The next morning, I woke up early to the sound of chattering boys and gathered them around the extinguished fire. I told them that I was going on a morning hike up to the top of Solitude Point to see the sunrise and asked if they wanted to join. I expected only one or two to agree after their struggle from the previous day. But contrary to my expectations–as so often is the case–the boys were excited to hike to the top with their teacher. After struggling to reach the top once again, we had a great few minutes of silence and awe as we looked around at the mountains and the valley below. One student spotted several deer, and just seconds later, another student spotted another few, a bit further down the valley.
As we hiked down, I could tell the boys were proud of their accomplishment (and also of waking up before the girls) and we talked about the importance of pushing yourself beyond your limits. The whole trip was a great experience and really reminded me how much of a privilege it is to work so closely with my incredible students. HUGE thanks to Kristin, Megan, Cal-Wood and everyone at the Cottonwood Institute for all of their support with this program. I’m so glad there are people that care so much about these sorts of experiences and look forward to working closely with them again soon.
Written by: Nathan Pai Schmitt, (aka, Mr. Pai) 6th grade writing teacher at Strive Prep – Lake
Acknowledgements: Cottonwood Institute could not offer our programs for STRIVE Preparatory Schools without funding from Avnet Technology Solutions, Carson Foundation, New Belgium Brewing Company, and our incredible donors and supporters.
The Cesar Chavez Organic Gardening Project with the I Have A Dream Foundation “Dreamers” was a great success. Our group camped out for three gorgeous evenings at Sunrise Farm, just west of Loveland, CO on a secluded hillside above their organic farm and living community. The campsite was complete with ponderosa pines, prickly pear cacti, and an area called the “moon rocks,” providing a perfect setting for the trip, which focused on practicing wilderness skills, learning about organic farming, and the life Cesar Chavez.
The folks at Sunrise were great hosts and intrigued us with discussion around the ecological importance of sustainable agriculture. They really got us thinking about the amount of pollution, water, and fossil fuel that it takes to maintain our current industrialized agricultural paradigm. Seeing their way of farming provided our group with a hopeful perspective on the complex issue of modern food production.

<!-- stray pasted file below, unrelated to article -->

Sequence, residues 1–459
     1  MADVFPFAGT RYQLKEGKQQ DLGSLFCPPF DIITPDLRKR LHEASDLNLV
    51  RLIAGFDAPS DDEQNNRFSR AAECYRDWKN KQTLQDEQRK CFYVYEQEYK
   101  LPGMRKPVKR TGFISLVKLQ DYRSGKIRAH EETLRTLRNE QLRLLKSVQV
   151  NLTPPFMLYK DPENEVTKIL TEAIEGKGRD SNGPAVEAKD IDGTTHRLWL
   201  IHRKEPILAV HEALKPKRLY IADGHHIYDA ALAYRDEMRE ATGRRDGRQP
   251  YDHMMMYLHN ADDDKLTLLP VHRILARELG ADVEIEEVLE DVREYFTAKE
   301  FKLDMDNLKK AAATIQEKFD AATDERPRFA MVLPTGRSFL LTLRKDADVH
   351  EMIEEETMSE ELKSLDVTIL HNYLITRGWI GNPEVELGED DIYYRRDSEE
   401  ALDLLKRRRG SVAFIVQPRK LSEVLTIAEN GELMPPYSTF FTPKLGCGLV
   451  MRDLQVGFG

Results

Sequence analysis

In return for their hospitality and teaching we spent about 35 total ‘people hours’ planting and harvesting herbs and vegetables in their permaculture garden where we learned experientially about this unique form of agriculture where virtually nothing is wasted!
When we weren’t working side-by-side with the farmers we practiced survival skills such as natural shelter making, various fire-building techniques, and sensory awareness activities near our wooded hillside above the farm. Not only may these skills help save our lives someday, they also are super fun to practice and helped us strengthen our connection to the outdoors we want to help protect and preserve.
At night we cooked delicious dinners together and used our newly acquired fire-building skills to create a fire where we had rich discussions about the life and legacy of Cesar Chavez, including his core values of acceptance of all people, importance of service to others, and the value of hard work, as well as the impact he had as an organizer for the farm-workers of the United States Southwest.
To check out a slide show of the project, Click Here.
A special thanks goes out to our partners for this project, including: Rigo Tostado and Jen Doyle from I Have A Dream Foundation for rallying a group of amazing students to work with, Kristin Maharg and Brandon Jones our Cottonwood Institute Instructors for facilitating a great course, and Patrick Padden at Sunrise Farm for teaching us about organic farming and sustainable agriculture. This project would not be possible without support from our funders, including: Ben & Jerry’s Foundation, the Community Foundation Serving Boulder County Expanding Leadership Initiative, Mile Hi Foods, New Belgium Brewing Company, and Whole Foods Market.